Alias Grace was brilliant. Margaret Atwood created a world I fell completely into each time I opened the book. Grace Marks was an intriguing, unique character. Did she do it? Atwood doesn't judge, but gives the reader clues and information needed to make up their mind. She created a sympathetic character in Grace. I wanted so much for her to be innocent, but the more I got to know her, the more I knew the answer would be more complex than a simple yes or no.
Simon Jordan was an interesting character. How much of what happened between him and Mrs. Humphreys did Atwood make up? How would she even verify any rumours? I don't really want to know. While I enjoyed him as a vehicle for Grace to tell her story, I also enjoyed his own sub-plot.
I loved reading a story set in a place where I've lived (not the penitentiary). I like that it's the city, but in the past, like looking through a lens backwards in time. It's interesting hearing about the muddy streets of Toronto and the long journey from there to Richmond Hill. It added an extra dimension that I found fascinating.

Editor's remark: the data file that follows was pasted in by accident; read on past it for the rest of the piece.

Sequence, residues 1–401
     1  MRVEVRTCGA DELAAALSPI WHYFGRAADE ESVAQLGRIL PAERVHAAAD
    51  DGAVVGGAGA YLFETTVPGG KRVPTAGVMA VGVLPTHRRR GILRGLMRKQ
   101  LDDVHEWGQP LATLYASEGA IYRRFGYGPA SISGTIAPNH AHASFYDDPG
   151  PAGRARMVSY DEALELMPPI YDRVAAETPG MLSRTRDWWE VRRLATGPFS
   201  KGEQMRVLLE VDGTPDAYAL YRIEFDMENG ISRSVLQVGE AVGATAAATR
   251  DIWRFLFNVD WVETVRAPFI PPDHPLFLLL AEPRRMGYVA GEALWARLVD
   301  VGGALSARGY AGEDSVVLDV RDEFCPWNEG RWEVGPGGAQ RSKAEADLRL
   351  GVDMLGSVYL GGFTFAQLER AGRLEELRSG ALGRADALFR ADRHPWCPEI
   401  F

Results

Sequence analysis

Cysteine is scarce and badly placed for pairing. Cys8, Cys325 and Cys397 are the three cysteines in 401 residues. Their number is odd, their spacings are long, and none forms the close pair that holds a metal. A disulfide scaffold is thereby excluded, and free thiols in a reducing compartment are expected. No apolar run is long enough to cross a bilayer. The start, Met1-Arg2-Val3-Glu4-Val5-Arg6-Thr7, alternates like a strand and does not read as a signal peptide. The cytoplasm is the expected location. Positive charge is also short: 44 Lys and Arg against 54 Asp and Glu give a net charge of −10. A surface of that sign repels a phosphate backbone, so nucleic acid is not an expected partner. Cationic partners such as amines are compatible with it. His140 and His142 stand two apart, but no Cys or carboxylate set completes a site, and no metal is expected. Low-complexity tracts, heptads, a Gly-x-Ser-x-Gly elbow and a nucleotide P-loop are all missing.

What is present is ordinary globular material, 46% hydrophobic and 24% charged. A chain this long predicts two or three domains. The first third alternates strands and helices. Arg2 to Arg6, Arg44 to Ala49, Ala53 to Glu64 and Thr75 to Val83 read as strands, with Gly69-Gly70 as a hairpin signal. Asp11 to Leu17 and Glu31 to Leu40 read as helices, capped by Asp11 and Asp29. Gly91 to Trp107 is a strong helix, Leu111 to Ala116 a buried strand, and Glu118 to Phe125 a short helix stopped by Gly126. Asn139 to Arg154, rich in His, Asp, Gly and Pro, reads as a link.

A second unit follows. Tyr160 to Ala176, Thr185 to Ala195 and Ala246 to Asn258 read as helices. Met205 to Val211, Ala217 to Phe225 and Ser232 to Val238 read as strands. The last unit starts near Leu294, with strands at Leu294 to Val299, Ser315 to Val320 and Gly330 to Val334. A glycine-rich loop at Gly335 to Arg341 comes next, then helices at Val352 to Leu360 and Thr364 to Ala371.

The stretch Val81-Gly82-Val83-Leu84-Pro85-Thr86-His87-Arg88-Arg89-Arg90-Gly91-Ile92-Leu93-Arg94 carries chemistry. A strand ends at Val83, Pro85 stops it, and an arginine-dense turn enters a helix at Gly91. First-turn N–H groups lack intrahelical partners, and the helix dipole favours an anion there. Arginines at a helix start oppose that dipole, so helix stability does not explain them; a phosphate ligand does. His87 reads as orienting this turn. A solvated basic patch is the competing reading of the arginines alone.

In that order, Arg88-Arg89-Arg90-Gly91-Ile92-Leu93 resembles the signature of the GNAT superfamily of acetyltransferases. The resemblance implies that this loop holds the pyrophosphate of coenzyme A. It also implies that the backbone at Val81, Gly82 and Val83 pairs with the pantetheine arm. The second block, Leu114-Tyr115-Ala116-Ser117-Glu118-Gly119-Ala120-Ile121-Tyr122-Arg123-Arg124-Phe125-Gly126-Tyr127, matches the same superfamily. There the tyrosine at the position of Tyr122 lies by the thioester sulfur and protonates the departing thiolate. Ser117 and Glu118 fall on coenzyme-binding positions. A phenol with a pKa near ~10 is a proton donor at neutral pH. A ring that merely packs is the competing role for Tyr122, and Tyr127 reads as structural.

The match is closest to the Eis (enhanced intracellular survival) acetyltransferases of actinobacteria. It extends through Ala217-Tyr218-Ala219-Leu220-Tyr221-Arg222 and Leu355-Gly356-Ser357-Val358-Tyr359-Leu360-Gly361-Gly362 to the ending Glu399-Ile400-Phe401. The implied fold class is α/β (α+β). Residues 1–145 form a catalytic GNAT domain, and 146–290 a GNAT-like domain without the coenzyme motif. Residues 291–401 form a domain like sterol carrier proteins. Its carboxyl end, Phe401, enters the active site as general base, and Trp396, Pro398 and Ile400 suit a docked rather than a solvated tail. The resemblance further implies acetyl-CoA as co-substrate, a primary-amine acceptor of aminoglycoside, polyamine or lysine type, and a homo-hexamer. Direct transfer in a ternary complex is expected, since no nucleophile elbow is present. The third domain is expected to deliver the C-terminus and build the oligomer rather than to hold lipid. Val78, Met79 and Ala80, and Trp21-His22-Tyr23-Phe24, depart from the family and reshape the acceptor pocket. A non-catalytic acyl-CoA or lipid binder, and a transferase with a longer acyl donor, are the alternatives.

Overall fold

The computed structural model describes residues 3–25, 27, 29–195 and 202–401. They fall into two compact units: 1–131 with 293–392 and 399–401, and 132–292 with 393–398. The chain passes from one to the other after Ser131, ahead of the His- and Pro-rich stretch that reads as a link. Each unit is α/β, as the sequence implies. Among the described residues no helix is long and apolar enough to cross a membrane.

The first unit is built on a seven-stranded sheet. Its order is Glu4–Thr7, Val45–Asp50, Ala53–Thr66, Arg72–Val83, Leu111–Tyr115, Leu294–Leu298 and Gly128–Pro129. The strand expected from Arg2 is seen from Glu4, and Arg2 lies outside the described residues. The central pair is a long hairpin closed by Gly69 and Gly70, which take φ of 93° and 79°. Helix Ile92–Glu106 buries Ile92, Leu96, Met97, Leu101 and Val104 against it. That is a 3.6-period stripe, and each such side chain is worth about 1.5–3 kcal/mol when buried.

There was so much driving this novel. The plot was flawless. It was detailed, complex and reality based. The characters were deep, varied and engaging. The pacing was steady and quick. I was surprised at how quickly I read it. I fell completely into the story, from the descriptions of the penitentiary, to Mr. Kinnear's farm, to all of Grace Mark's inner dialogue.
I read Alias Grace as part of the Classics Club Spin. The spin really encourages me to keep working on my Classics List. You don't need encouragement though, to read Alias Grace. It is Atwood at her finest. It might be my new favourite Atwood. We'll just see how I feel after I re-read The Handmaid's Tale.